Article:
To comply with existing obligations to California, Frontier could have to spend in excess of $1 billion in the next two years. But Frontier has told investors it planned to spend no more than $1.15 billion on capex in fiscal year 2018 across its entire national service area. This could explain why Frontier may be stalling on upgrades in California.

Also raining on Frontier’s parade is the muted reaction to Frontier’s latest money-raising scheme. Shareholders appear lukewarm, with some openly skeptical that Frontier can deliver what it promises.

The plan’s success depends on:

  • Frontier’s ability to raise rates and find other “revenue enhancements” of $150-200 million. Rate increases drive customers to competitors, reducing revenue.
  • Vague “operational improvements” are expected to bring $150-200 million.
  • Customer care and support savings are anticipated to generate $125-175 million in EBITDA benefit.

Outgoing CFO McBride relies heavily on opaque corporate-speak like this, with few specifics:

“In addition to the dedicated resources, we are utilizing a new approach that will significantly accelerate the benefits of both revenue and expense initiatives. This new approach involves utilization of external expertise to significantly reduce the time to successfully realize our objectives. This will allow us to execute more initiatives in parallel while still managing day to day requirements of the business.”

In short, this suggests Frontier will outsource a lot of initiatives they used to manage in-house. The company also plans to start limiting truck rolls to customer homes if the company determines the problem is likely elsewhere in their network. It also claims it is cutting customer hold times at their call centers, which are still frequently outsourced.

What Frontier has made clear, again, is their determination to keep a cap on spending, which means much of the money Frontier will spend each year will go towards network maintenance, not service upgrades. Therefore, customers can expect incremental upgrades, usually when a construction project requires Frontier to replace existing copper wire infrastructure with fiber optics or at a building site for a new housing development. Most customers in existing neighborhoods served by legacy copper wiring on the poles since the 1960s will continue to be serviced by those lines until they are torn down in a storm or stolen. Frontier has consistently shown no interest in wholesale network upgrades in its legacy service areas.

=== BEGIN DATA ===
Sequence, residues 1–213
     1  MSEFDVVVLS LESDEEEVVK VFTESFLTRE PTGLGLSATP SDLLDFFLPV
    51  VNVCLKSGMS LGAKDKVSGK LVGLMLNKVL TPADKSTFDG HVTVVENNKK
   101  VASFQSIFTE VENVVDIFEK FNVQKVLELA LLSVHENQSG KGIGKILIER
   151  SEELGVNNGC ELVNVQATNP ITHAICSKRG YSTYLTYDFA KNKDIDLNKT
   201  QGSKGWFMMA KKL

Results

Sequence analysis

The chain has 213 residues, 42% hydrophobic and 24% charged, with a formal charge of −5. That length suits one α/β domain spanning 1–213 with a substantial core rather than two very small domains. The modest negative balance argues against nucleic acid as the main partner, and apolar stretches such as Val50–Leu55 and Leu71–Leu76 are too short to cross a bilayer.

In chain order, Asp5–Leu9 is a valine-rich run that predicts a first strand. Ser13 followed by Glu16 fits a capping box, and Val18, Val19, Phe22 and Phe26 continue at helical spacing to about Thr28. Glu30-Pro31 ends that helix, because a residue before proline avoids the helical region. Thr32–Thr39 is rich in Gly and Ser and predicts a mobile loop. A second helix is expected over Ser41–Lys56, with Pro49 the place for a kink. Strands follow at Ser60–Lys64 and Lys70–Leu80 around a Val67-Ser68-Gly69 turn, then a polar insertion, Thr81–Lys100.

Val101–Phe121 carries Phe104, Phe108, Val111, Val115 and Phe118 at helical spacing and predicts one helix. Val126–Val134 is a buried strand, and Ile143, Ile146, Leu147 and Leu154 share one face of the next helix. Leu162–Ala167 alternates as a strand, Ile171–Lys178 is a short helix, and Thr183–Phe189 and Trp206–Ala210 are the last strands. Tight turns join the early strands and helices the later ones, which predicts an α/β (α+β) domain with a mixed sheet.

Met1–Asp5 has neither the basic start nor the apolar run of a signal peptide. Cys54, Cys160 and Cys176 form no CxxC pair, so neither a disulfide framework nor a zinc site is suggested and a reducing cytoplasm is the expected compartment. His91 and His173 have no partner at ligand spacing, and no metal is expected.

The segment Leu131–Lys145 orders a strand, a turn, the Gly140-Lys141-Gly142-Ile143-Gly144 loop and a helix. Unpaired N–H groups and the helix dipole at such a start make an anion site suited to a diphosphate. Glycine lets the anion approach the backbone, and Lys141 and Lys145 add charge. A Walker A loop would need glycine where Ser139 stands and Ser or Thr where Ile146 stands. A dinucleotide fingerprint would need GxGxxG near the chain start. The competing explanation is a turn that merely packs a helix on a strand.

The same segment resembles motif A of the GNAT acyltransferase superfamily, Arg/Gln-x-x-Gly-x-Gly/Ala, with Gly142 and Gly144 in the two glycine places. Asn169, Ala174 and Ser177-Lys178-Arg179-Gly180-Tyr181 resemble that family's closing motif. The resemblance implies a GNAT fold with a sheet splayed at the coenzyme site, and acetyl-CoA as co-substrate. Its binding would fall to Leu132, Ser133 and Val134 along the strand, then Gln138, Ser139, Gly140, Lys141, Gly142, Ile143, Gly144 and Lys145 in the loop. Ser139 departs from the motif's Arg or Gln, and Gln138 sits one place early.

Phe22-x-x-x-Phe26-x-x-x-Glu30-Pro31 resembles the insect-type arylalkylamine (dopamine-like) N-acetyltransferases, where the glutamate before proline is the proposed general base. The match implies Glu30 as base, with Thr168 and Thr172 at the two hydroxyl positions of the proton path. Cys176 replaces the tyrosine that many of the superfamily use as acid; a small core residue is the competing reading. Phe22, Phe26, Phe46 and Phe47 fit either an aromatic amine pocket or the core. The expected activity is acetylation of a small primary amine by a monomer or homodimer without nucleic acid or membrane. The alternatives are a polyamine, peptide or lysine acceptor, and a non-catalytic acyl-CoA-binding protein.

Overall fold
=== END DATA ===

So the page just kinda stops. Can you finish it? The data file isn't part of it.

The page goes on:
Tennessee’s “Smoke and Mirrors” Rural Broadband Initiatives Fail to Deliver

Rural Roane County, Tenn.

Earlier this month, a standing room only crowd packed the offices of Rockwood Electric Utility (REU) in Rockwood, Tenn., despite the fact the meeting was held at 10 a.m. on a Friday morning.

Local residents were there on a work day to listen to area providers and local officials discuss rural broadband access. Most wanted to know exactly when the local phone or cable company planned to expand to bring internet access to the far corners of the region between Knoxville and Chattanooga in east Tennessee.

Comcast, Charter, and AT&T told Roane County Commissioners Ron Berry and Darryl Meadows, State Sen. Ken Yager (R-Kingston), and the crowd they all had a long wait because the companies couldn’t profit offering rural broadband service to the county.

“That is what our shareholders expect and the way we operate in a capitalistic society,” declared Andy Macke, vice president of external affairs at Comcast.

“The biggest challenge for all of you in this room is what they call the last mile,” said Alan L. Hill, the regional director of external and legislative affairs at AT&T Tennessee. “It is a challenge. We all face these challenges.”

In short, nothing much had changed in Roane County, or other rural counties in southeastern Tennessee, to convince service providers to spend money to bring internet service to the region. Until that changed, AT&T, Comcast and others should not be expected to be on the front lines addressing rural internet access. Successive governors of Tennessee have long complained about the rural broadband problem, but the state legislature remains cool to the idea of the state government intervening to help resolve it.

Gov. Haslam